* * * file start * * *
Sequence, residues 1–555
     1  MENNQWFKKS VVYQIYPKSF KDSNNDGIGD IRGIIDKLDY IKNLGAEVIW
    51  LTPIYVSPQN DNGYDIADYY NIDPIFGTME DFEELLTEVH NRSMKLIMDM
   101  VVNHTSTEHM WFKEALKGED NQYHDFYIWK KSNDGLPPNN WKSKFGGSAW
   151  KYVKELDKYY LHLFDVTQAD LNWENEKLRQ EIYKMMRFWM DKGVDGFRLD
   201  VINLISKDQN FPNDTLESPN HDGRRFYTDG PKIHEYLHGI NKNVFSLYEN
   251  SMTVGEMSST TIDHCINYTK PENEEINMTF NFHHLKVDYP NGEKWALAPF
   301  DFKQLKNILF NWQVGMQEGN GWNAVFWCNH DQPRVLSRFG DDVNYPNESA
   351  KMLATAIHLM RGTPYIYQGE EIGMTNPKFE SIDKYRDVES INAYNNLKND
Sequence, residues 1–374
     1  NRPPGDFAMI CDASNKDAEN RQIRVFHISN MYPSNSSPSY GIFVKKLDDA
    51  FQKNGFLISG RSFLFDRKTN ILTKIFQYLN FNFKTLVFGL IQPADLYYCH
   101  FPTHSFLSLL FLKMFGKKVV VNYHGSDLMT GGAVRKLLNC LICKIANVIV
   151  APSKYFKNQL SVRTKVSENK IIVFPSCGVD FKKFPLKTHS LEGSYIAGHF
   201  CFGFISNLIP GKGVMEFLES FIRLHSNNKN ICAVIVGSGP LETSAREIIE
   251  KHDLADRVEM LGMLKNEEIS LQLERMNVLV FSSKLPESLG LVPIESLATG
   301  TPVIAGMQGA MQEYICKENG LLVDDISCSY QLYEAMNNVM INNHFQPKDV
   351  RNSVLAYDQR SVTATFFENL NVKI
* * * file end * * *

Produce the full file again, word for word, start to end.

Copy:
Sequence, residues 1–555
     1  MENNQWFKKS VVYQIYPKSF KDSNNDGIGD IRGIIDKLDY IKNLGAEVIW
    51  LTPIYVSPQN DNGYDIADYY NIDPIFGTME DFEELLTEVH NRSMKLIMDM
   101  VVNHTSTEHM WFKEALKGED NQYHDFYIWK KSNDGLPPNN WKSKFGGSAW
   151  KYVKELDKYY LHLFDVTQAD LNWENEKLRQ EIYKMMRFWM DKGVDGFRLD
   201  VINLISKDQN FPNDTLESPN HDGRRFYTDG PKIHEYLHGI NKNVFSLYEN
   251  SMTVGEMSST TIDHCINYTK PENEEINMTF NFHHLKVDYP NGEKWALAPF
   301  DFKQLKNILF NWQVGMQEGN GWNAVFWCNH DQPRVLSRFG DDVNYPNESA
   351  KMLATAIHLM RGTPYIYQGE EIGMTNPKFE SIDKYRDVES INAYNNLKND
Sequence, residues 1–374
     1  NRPPGDFAMI CDASNKDAEN RQIRVFHISN MYPSNSSPSY GIFVKKLDDA
    51  FQKNGFLISG RSFLFDRKTN ILTKIFQYLN FNFKTLVFGL IQPADLYYCH
   101  FPTHSFLSLL FLKMFGKKVV VNYHGSDLMT GGAVRKLLNC LICKIANVIV
   151  APSKYFKNQL SVRTKVSENK IIVFPSCGVD FKKFPLKTHS LEGSYIAGHF
   201  CFGFISNLIP GKGVMEFLES FIRLHSNNKN ICAVIVGSGP LETSAREIIE
   251  KHDLADRVEM LGMLKNEEIS LQLERMNVLV FSSKLPESLG LVPIESLATG
   301  TPVIAGMQGA MQEYICKENG LLVDDISCSY QLYEAMNNVM INNHFQPKDV
   351  RNSVLAYDQR SVTATFFENL NVKI